19.8.2014 Le Grande Bookstore Adventure While visiting the various bookstores in Tampere, you can’t escape the feeling that every university student in the city probably praises the existence of Akateeminen kirjakauppa (Academic bookstore), which as you can guess by the name, has quite an extensive selection of books required in any sort of academic studies. You can find books both in Finnish and English, but also in Swedish, French and German. Akateeminen in Tampere has been evacuated into the dark corners of Stockmann because of the construction of P-Hämppi and the renovation of Stockmann itself. Because of this, the presence of some books in the store has been diminished a bit. Luckily you can order most books from other stores, whether its fact or fiction you’re looking for. Suomalainen kirjakauppa has three stores in Tampere. Two of them are located on Hämeenkatu and the last in Koskikeskus. Suomalainen kirjakauppa offers also quite a wide variety of materials for hobby crafts, such as materials for painting, making simple jewellery and so on. Most of the books on their, as well as Akateeminens, shelves consentrate on best sellers, so if you’re after something completely different you probably need to head to more underground stores. Bookstore Tulenkantajat is owned by two independent publishers Sanasato and Savukeidas. Tulenkantajat arranges regularly book publishing events, discussions and poetry performances. There are available cultural magazines, books from independent publishers, comics and books about food and travelling. In the same property is the art gallery Koppelo in which the exhibition varies monthly. The bookstore is also decorated by memorabilia from classical writers. And you can relax on the sofas and read the books or magazines in your own time. Sometimes you might be looking for books that have been sold out of edition.
Then you should head for second hand bookstores. In antiquarian bookshops you can find books that have been long since sold out from other bookstores. This requires time and patience, since the books in antiquarians are not in any special order, you’re lucky if the books are arranged by the genre. It is really easy to spend many hours in antiquarians searching for treasures in the middle of bookshelves. Compared to other vintage and second hand there are surprisingly few antiquarians in Tampere. There are three active antiquarians in the city centre area in Tampere: Lukulaari, Makedonia and Ensipainos. Of course, if you’re good at searching, you can find books in any flea market. But truth be told, it’s easier to look for books in the middle of books than in the middle of clothes.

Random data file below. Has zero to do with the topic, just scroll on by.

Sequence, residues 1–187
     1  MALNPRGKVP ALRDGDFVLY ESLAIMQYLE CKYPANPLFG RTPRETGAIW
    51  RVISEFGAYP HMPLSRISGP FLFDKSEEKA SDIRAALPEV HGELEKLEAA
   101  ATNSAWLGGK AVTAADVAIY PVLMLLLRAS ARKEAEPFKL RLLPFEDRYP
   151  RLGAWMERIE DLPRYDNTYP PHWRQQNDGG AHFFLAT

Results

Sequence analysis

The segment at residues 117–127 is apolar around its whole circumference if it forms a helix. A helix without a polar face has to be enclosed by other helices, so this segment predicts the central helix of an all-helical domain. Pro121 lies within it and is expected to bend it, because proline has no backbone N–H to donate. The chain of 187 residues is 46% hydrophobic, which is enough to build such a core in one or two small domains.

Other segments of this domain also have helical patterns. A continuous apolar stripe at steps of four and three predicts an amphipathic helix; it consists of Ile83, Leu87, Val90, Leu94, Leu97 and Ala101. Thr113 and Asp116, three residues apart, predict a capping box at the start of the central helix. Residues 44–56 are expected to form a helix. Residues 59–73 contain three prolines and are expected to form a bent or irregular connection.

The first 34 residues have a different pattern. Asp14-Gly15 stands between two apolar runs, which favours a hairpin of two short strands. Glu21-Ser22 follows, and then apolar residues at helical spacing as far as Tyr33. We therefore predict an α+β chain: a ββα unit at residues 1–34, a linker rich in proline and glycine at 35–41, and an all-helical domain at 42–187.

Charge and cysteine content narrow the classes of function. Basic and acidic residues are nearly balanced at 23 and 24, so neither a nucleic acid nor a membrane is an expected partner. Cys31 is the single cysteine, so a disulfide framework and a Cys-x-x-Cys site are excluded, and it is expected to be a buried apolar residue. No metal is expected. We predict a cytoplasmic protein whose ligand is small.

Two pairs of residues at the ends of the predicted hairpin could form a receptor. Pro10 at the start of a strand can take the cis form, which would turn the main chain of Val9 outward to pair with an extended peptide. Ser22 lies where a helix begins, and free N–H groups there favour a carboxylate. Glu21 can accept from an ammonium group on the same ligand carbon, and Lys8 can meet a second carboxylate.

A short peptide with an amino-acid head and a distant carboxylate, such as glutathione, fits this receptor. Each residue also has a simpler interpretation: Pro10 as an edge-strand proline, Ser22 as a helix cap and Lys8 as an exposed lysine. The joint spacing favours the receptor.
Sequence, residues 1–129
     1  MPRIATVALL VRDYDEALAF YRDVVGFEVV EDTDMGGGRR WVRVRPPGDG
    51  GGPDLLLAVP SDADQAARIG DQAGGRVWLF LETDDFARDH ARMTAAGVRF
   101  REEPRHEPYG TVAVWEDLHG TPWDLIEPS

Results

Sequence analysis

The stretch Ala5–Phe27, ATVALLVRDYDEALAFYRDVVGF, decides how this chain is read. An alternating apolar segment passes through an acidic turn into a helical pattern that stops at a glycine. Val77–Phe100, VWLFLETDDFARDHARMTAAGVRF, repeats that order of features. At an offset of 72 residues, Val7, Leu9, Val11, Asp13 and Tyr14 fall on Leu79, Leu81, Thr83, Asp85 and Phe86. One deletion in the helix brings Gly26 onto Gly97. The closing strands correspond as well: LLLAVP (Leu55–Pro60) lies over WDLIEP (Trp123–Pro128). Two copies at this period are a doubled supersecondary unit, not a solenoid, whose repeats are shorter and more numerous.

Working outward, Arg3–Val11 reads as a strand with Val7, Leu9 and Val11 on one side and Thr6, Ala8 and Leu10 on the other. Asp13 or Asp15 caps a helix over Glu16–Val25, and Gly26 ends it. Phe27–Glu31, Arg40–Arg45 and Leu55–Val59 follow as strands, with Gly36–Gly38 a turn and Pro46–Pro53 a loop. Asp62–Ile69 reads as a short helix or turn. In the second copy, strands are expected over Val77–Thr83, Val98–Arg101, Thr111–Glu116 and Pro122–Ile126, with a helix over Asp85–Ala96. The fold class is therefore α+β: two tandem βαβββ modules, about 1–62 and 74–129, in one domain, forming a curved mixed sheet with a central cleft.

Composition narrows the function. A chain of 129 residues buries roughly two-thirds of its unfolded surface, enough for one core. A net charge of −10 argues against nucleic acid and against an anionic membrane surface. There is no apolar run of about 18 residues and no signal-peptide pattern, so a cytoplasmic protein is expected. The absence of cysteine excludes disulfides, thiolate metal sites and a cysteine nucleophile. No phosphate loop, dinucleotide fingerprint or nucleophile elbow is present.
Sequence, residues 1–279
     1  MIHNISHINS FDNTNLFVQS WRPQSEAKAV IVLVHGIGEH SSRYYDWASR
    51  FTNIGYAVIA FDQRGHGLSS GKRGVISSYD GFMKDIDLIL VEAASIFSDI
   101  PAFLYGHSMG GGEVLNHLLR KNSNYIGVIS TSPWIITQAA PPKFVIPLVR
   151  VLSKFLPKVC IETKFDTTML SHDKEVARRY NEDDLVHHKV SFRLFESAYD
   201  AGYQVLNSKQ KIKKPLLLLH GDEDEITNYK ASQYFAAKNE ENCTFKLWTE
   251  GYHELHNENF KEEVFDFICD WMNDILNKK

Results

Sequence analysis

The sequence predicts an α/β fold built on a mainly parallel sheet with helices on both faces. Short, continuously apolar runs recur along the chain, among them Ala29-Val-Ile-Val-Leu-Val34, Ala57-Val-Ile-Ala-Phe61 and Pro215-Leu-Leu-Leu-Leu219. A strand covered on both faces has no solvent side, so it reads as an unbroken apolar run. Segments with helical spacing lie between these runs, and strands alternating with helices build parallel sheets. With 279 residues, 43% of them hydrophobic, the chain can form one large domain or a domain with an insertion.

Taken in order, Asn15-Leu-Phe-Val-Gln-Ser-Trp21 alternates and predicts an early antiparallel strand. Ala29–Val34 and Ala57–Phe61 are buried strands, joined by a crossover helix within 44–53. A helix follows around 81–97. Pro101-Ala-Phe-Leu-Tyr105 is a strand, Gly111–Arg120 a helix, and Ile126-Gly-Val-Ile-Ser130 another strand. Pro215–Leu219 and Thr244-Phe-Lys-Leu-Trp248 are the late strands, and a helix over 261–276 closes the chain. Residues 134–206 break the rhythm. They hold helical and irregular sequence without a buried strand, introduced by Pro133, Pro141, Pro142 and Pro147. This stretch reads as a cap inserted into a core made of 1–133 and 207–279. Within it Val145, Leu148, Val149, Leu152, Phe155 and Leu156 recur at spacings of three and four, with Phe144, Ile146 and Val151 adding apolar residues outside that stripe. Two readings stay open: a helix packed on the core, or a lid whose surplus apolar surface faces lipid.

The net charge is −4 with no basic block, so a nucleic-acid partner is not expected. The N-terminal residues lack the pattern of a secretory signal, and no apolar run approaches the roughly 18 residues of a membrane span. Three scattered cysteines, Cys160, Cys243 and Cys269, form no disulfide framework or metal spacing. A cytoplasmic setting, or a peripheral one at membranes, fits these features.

The most popular antiquarian in Tampere seems to be Lukulaari on Puutarhakatu. Lukulaari seems to be in the favour of customers as well, the reviews of the service are basically praising. Even though Lukulaari is quite small, you can find there lots and lots of books of many genres and also comics, dvd-movies and vinyls. And most in good condition. Lukulaari uses Facebook to inform customers of the new arrivals and events. The shop smells of old books and old times and while adventuring in between the shelves you can bump into very interesting books.
Makedonia is an antiquarian located in Verkatehtaankatu near the railway station. This shop is mostly concentrated on comics from the past and the present. Some of the comics are new, but mostly the shop sells second hand comics. As any self respecting professional, they know their field thoroughly and can answer most of the customers questions without too much thinking. On their homepage Makedonia offers a chance to create a list of missing items and a service to inform the customer of suitable items on the arrival. That is some awesome service! Ensipainos is located in Hämeenpuisto and is part of a chain that consists of three sale bookstores and a wholesale store as well. In the sale bookstores you can find mostly the remnants from publishers and postcards and other gifts. In the online store of Ensipainos you can make orders that can be later picked up at the store or delivered to you at home. The order is paid by bank transfer. The book is held after the order for ten days and shipped after paid.
No matter where you buy your books, you should remember the wise words of Jörn Donner: “It’s always worth to read!”